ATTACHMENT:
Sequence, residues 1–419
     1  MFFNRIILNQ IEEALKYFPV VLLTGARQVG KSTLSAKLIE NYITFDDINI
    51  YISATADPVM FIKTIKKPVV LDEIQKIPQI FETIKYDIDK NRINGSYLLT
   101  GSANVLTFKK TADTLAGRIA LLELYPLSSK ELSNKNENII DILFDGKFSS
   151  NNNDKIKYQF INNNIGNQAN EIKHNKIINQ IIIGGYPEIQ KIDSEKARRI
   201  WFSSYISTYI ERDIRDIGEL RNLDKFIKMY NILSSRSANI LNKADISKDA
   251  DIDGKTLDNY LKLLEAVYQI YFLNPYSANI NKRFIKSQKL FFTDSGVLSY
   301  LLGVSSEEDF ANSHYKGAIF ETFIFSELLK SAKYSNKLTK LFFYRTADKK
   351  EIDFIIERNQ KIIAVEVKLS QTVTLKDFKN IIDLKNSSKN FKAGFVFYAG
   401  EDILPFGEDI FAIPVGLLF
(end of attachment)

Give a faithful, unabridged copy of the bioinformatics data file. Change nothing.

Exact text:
Sequence, residues 1–419
     1  MFFNRIILNQ IEEALKYFPV VLLTGARQVG KSTLSAKLIE NYITFDDINI
    51  YISATADPVM FIKTIKKPVV LDEIQKIPQI FETIKYDIDK NRINGSYLLT
   101  GSANVLTFKK TADTLAGRIA LLELYPLSSK ELSNKNENII DILFDGKFSS
   151  NNNDKIKYQF INNNIGNQAN EIKHNKIINQ IIIGGYPEIQ KIDSEKARRI
   201  WFSSYISTYI ERDIRDIGEL RNLDKFIKMY NILSSRSANI LNKADISKDA
   251  DIDGKTLDNY LKLLEAVYQI YFLNPYSANI NKRFIKSQKL FFTDSGVLSY
   301  LLGVSSEEDF ANSHYKGAIF ETFIFSELLK SAKYSNKLTK LFFYRTADKK
   351  EIDFIIERNQ KIIAVEVKLS QTVTLKDFKN IIDLKNSSKN FKAGFVFYAG
   401  EDILPFGEDI FAIPVGLLF